A little thought about how a micro-assistant could help surgeons access the posterior segment, writes Leigh Spielberg

If only there were a micro-assistant for the really 
tricky bits

Leigh Spielberg

Posted: Saturday, October 1, 2016


Scuba equipment?Very small scuba equipment. Illustration Eoin Coveney

Without a pretty significant zonular defect, it would be tricky to get our little micro-assistant into the posterior segment,” said Elke Kreps, the fourth-year resident helping me in the operating room that day.
“I know,” I replied. “Not ideal. But hey, I can live with an intentional, iatrogenic zonular defect if it serves the greater good.”
“Me too,” she agreed.
“Good,” I concluded.
“But how would she lower herself down into the retina?” she asked. “Attach a fine suture to some intact zonulae and rappel herself down?”
“Well, now that we’ve destroyed some zonulae, I don’t think we can really risk damaging more. I think we’d have to run a nylon 10.0 through the primary incision at the limbus and anchor it to the conjunctiva,” I said.
“Nylon?! Wouldn’t that be way too slippery for her to rappel down? She wouldn’t have any grip at all,” she said.
“Well, that depends. Would the posterior segment be filled with air?” I asked. I had been imagining a slow, aqueous descent from just under the iris to the posterior pole, but Elke had something else in mind.
“Of course. How would she breathe if it were filled with BSS?” asked Elke.
“Hmm… Scuba equipment? Yeah, very small scuba equipment,” I replied.
It was time to go back to the OR. We had started this absurd, yet instructive, thought experiment during the previous procedure, a vitrectomy for vitreous hemorrhage in an eye with proliferative diabetic retinopathy.
It had been my most difficult PDRP case since I had completed my advanced VR fellowship in Ghent. I had cleared the haemorrhage and had safely dissected all vitreoretinal and membranous adhesions. However, there remained a rather large fibrovascular tuft adherent to the optic disc, and it wasn’t immediately clear how I should best deal with it.
Use the cutter to shave it as closely as possible to the disc? Or the forceps to remove it? How vascular was it? Was the neovascularisation active? Fluorescein angiography had been impossible, so I had to rely on my instinct and experience. On the one hand, I wanted to remove it entirely. On the other hand, I wasn’t enthusiastic about the possibility of a massive haemorrhage covering the posterior pole or a sectorial avulsion of a quarter million retinal nerve fibres.
“I wish I had a tiny little assistant who could go check it out for us,” I said aloud while contemplating my options. “She could go stand next to the optic disc and look under the tuft to let me know what’s underneath. Is there a massive vessel attached to the disc? Or is it harmless?”
Elke didn’t miss a beat. “Yeah, that would be useful,” she said. “But if it did happen to bleed, you’d have to get her out quickly before you raised the intraocular pressure to 60mmHg. She might have trouble breathing under those conditions.”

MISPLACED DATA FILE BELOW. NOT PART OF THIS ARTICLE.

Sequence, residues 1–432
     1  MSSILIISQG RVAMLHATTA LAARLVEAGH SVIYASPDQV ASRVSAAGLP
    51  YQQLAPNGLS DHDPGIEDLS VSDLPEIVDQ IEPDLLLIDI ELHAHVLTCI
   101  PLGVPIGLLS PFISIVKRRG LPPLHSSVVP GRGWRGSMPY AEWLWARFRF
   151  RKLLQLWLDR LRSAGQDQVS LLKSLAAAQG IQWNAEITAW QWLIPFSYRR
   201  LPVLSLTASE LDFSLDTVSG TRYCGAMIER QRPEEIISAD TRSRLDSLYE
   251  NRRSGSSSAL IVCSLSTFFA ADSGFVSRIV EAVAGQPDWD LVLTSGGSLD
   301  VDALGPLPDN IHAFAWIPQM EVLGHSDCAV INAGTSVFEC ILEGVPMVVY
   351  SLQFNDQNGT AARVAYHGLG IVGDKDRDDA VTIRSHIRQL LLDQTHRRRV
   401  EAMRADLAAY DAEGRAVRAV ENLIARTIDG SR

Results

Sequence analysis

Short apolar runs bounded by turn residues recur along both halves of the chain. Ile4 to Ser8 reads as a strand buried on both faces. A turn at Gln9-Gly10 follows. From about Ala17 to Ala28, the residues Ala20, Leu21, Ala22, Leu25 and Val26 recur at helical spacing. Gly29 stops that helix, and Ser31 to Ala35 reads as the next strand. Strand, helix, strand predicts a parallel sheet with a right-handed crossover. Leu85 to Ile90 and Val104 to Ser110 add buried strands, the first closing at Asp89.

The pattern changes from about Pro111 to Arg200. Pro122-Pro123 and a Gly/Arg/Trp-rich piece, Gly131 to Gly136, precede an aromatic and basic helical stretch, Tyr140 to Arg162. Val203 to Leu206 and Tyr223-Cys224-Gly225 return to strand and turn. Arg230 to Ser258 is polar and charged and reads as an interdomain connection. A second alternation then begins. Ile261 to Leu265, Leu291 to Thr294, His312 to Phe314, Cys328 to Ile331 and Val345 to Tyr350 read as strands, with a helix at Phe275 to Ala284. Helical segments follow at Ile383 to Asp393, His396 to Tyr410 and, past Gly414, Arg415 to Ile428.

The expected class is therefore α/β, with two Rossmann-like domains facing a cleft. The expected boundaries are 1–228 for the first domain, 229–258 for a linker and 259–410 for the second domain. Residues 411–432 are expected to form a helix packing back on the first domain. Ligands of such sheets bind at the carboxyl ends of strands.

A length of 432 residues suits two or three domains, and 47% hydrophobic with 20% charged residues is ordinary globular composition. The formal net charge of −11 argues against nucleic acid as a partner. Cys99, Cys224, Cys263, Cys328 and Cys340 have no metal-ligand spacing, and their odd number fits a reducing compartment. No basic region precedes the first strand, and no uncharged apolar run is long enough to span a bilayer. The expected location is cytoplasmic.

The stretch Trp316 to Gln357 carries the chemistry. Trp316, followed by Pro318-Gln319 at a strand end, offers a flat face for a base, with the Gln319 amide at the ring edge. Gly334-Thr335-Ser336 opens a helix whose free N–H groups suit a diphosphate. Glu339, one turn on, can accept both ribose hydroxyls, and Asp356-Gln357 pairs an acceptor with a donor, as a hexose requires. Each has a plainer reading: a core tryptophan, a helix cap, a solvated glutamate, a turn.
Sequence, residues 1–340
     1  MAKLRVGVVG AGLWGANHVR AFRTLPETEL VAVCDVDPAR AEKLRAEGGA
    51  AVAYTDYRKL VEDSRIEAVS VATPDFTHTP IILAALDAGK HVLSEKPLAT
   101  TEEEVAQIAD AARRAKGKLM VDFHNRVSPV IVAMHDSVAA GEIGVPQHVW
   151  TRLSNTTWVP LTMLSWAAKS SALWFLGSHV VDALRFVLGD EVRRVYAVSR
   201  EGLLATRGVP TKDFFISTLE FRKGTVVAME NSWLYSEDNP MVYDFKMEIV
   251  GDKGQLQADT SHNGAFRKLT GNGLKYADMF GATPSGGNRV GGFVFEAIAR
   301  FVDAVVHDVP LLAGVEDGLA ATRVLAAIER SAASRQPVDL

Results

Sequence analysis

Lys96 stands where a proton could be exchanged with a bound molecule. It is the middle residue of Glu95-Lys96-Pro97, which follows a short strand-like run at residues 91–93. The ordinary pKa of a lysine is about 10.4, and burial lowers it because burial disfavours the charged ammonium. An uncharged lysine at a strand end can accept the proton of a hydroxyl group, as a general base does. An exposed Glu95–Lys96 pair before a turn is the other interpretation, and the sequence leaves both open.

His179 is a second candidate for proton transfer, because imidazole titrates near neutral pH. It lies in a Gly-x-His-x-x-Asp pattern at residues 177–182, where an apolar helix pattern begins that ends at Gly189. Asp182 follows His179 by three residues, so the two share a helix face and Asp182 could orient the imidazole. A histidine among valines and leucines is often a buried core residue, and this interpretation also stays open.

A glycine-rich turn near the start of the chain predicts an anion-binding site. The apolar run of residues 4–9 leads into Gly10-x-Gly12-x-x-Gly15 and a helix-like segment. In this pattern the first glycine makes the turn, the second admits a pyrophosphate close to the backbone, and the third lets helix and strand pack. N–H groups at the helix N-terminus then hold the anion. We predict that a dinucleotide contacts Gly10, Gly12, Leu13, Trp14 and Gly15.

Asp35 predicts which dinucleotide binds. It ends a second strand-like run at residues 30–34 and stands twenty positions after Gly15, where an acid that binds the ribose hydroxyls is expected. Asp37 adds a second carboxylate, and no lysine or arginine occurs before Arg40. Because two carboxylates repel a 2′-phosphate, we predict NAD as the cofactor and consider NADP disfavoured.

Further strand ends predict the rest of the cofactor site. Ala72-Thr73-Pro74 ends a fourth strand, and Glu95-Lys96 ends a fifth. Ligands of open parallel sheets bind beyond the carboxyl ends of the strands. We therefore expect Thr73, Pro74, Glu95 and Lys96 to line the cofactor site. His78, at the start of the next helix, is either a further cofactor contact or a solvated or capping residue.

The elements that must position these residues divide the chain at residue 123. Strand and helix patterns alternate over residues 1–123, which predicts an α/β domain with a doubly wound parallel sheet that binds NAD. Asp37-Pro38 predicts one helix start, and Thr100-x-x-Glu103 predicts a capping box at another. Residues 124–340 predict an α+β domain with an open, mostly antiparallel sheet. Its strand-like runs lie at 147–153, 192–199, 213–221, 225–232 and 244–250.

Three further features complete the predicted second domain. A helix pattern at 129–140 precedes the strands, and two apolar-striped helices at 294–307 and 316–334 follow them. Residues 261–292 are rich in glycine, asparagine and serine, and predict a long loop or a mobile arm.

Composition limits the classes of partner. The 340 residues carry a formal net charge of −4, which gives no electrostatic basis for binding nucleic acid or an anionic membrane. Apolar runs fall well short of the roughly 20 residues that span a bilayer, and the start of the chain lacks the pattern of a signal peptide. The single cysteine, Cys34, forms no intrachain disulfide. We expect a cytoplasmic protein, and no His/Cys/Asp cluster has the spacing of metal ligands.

“Yeah, and she’d get the bends when she came back out,” I added.
I decided to remove the tuft with forceps and, as expected, it bled a bit. But the optic disc was undamaged. I increased the intraocular pressure and waited patiently for the bleeding to stop.
As I was performing panretinal endolaser, Elke continued with our intraocular assistant musings. “How would we get her into the posterior segment in the first place?” she asked.
“Um, maybe inject her like an Ozurdex?” I blurted out, without thinking it through.
“That would be efficient but intense,” said Elke. “What if she ended up stuck inside a choroidal detachment? Or a choroidal haemorrhage? Doesn’t that occasionally happen with intravitreal steroid implants?”
Ha! Elke had clearly been doing her homework for her VR surgery rotation. “Not in my hands,” I countered, with a vitreoretinal surgeon’s typical braggadocio.
But she was right. Injecting our micro-assistant through the sclera wouldn’t work. That would require a custom-made injection capsule for her to fit into. And as long as we were operating, there would be enough entry ports: like the limbal incision of the cataract surgery, or the vitrectomy ports.
Our thought experiment had borne its fruits. We had, in an amusing fashion, thought intelligently, if somewhat irreverently, about the challenges facing VR surgeons: visualisation of, and access to, the posterior chamber, including anatomical considerations and the risks of complications.
I started thinking of other useful things a micro-assistant could do, like gently dislodge vitreomacular traction or make sure that there’s no posterior hyaloid left on the retinal surface after I had induced a posterior vitreous detachment. But it was time to operate, and we had to concentrate. The micro-assistant would have to wait until a later date.
Dr Leigh Spielberg is a vitreoretinal and cataract surgeon 
at Ghent University Hospital in Belgium